On the heels of a new album release, I joined Daniel Rayzel as we interviewed Kelsey Wilson and Alexander Beggins of Wild Child at The Ark. Scroll through as they share insight on the new LP, their old Halloween costumes, and reveal the prank master of the group.
Fools is available now on Dualtone Records.
Daniel (WDBM): What was your favorite track to record on the new record?
Wilson: I really liked doing “Break Bones” because we wrote it in the studio and just like, recorded it right then, right when we wrote it. So it was really special.
Beggins: Yeah, actually the version we recorded first didn’t make it on the record, and we’re going to release it, actually. And it’s just the two of us. It’s how we perform it live, and it was just kind of a magical studio moment. I was just playing around on the piano – they’ve got this beautiful grand piano in the studio we’re working in – and Kelsey overheard what I was doing and just said, “Hey, keep doing that.” And we just sat down and churned it out and recorded it, and it was really special. It felt like we were creating something. Most of the time when we go into the studio we have a pretty good idea of what we want to do. It was cool to spontaneously write a song that made it on the record.
Hanna (WDBM): Are there any other outtakes that didn’t make the cut for the album?
Wilson: Oh, yeah. There was a song called “Banana.” It was just all, like, filler words, and it was called “Banana” because we had this riff like… (sings) “ba na nana nah,” so we called it “Banana.” But then we never came up with lyrics or where it was going to go.
Beggins: Really, we were just lazy. We started working on it in the studio and we were always like, “I don’t know”
Wilson: “This is a lot of work.”
Beggins: “Let’s do something else.”
Wilson: “Scratch it, scratch that whole song.”
Beggins: And then we tried to do a song called “Saving Face” in three different parts and stitch them together, and it was a nightmare. So you’ll hear on the record there’s a spoken-word intro where I’m just trying to convince myself to sing it better. We were listening back to the tape and we were like, “That’s kind of cool, let’s keep it in there.”
Wilson: He’s just like talking himself up, it’s just talking – he’s just speaking. It’s a conversation. And we were just like, “Let’s keep that in there, that’s dope.”
Daniel (WDBM): How do you keep busy on the road? I can imagine it’s a lot of long car rides.
Beggins: A lot of us, especially on this tour, we’ve been on a thrifting mission. So every town we go to, we look up what thrift stores are around and go and look for cool vintage t-shirts or clothes, and, I don’t know. It’s just you have to stay occupied. And it’s a good way to stay out of the bar.
Wilson: We play a lot of Hot Dice, play a lot of Farkle, that’s a good game on the road. Read some books. Download and upload porn. [Giggles from all]
Beggins: Oh, and we sleep a lot, too, let’s be honest.
Wilson: That’s the best way to pass the time.
Beggins: And that’s kind of your options. Snacking, napping…
Wilson: Watching something on your computer…
Beggins: Rapping, drinking…
Daniel (WDBM): You guys are the first band to ever tell me what they do on the road. Usually the first response I get is “Oh, you don’t want to know,” which I guess might be true, and you’re holding something, which fine. And then other people will also say, “Oh, you’re just sitting in the car.”
Wilson: That’s because there’s a lot of nothing.
Beggins: There’s an illusion that the road is so glamorous and cool and it’s really not. There’s a lot of sitting.
Wilson: [Laughs] Yeah, sitting in a car, or in a green room.
Beggins: And I’m not even good at waiting. I hate it.
Wilson: Yeah, I hate waiting. We’re professional waiters.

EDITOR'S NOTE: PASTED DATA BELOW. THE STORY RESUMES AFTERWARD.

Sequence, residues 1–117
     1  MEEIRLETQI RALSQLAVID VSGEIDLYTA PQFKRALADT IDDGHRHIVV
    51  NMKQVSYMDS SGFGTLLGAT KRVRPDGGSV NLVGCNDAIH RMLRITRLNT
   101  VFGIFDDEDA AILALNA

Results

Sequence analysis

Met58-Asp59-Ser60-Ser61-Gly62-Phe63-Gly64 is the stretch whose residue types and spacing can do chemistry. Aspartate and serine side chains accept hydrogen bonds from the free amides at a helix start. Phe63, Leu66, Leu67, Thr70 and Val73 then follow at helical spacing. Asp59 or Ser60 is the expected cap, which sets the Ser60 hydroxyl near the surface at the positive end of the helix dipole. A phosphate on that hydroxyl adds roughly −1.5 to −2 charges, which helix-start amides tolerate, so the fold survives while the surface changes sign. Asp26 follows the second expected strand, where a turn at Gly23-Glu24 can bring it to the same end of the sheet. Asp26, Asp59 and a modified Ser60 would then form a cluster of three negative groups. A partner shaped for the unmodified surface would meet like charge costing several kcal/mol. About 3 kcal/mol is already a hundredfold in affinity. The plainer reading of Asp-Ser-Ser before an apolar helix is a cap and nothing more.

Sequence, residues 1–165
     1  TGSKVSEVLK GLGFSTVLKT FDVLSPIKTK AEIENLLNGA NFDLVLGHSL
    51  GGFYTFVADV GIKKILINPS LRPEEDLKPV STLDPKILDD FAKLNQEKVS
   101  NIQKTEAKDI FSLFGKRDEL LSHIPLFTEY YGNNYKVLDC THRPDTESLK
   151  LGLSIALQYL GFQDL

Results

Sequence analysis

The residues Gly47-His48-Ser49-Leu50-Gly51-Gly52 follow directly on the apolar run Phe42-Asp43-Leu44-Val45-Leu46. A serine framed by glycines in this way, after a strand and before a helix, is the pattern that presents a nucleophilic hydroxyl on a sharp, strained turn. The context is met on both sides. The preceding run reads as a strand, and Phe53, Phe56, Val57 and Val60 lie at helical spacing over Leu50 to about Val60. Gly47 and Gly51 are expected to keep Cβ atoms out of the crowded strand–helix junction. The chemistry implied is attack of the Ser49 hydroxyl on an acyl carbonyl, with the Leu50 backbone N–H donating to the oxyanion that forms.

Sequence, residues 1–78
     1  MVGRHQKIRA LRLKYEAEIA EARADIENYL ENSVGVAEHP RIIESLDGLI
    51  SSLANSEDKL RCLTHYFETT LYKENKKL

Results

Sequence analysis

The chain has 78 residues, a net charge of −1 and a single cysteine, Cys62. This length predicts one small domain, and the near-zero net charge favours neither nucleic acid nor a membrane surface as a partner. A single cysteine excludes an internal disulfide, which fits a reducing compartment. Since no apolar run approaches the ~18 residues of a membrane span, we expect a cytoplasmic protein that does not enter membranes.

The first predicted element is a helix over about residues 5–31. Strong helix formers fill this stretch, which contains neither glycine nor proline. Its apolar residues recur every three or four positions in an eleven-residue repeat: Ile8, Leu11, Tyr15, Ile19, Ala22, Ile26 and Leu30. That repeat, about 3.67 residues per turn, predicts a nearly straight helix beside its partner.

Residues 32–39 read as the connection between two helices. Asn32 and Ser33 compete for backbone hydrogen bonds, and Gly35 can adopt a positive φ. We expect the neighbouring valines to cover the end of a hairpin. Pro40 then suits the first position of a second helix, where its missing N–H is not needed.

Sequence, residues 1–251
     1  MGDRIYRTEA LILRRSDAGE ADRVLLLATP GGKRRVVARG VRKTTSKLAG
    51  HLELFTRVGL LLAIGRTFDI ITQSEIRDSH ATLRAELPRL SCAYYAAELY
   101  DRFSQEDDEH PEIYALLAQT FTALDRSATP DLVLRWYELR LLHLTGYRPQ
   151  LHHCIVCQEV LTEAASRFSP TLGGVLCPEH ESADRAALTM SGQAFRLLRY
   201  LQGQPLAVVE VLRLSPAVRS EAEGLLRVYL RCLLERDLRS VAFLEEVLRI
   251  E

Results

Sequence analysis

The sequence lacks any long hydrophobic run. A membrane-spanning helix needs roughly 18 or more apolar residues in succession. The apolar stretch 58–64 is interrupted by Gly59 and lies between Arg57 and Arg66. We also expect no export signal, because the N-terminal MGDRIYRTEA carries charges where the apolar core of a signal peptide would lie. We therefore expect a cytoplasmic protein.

Beggins: [Laughs] Sidenote, waiters. We were talking about this the other day. Why are they called waiters?
Wilson: Because they’re waiting on people all day.
Beggins: No, the customer is waiting.
Wilson: No, to be waited on is like, he’s waiting on me. It’s a person who’s taking care of you.
Beggins: But who’s doing the waiting?
Wilson: You’re just being consumers.
Beggins: You’re waiting for your food.
Wilson: For a second, but you’re paying someone to cook it, and bring it to you.
Beggins: So there’s the server, and there’s the waiter…
Wilson: They’re the waiter, they’re waiting on you. They’re the staff.
Hanna (WDBM): They’re waiting to get your order, then they’re waiting to get your food. They do a lot of waiting.
Beggins: Jury’s out. I think they should change the name.
Daniel (WDBM): So maybe it’s the waiter and the waitee, we’re the waitees.
Wilson: We’re all just waiting.
Beggins: I’m glad that we’re opening up the big q’s though. Exposing the truth.
Hanna (WDBM): So when you’re performing at venues – you guys were at MoPop this summer, right? Do you like the festival atmosphere more or are you thinking more of the smaller, more intimate style?
Wilson: They all have their positives. The festival crowd is amazing because people at festivals are determined to have a good time. Most of the time they don’t even know who you are, but they paid $200 to go to this festival for a day and they are going to enjoy themselves. So, that’s always a cool crowd, very receptive.
Beggins: And we love going to festivals ourselves so it’s always like festival season is very fun.
Wilson: We get to meet other bands, and it’s a little music community every time.
Beggins: I love celebrities.
Hanna (WDBM): Oh god, who’s your favorite?
Wilson: Anyone famous.
Beggins: Anyone famous I love. But we were just at a festival in Montreal last summer and I was at a picnic table with Jack White. That was… I didn’t say anything.
Hanna (WDBM): His presence was just enough.
Beggins: Yeah. And The Strokes were right down the street from my house at this little cafe. And my girlfriend was like, “Hey, The Strokes are here.” And I just sat there, drinking coffee, just awkwardly stealing glances… So, yeah, festivals are great for me, in that regard.
Wilson: And the small, intimate shows are cool, too, because you actually get to talk to people, meet people, and get sweaty in a really small room.
Beggins: Some of my favorite shows growing up were small, intimate, and not sardine-d in a crowd. But it’s one thing to tell yourself if the rooms empty, “It’s intimate!”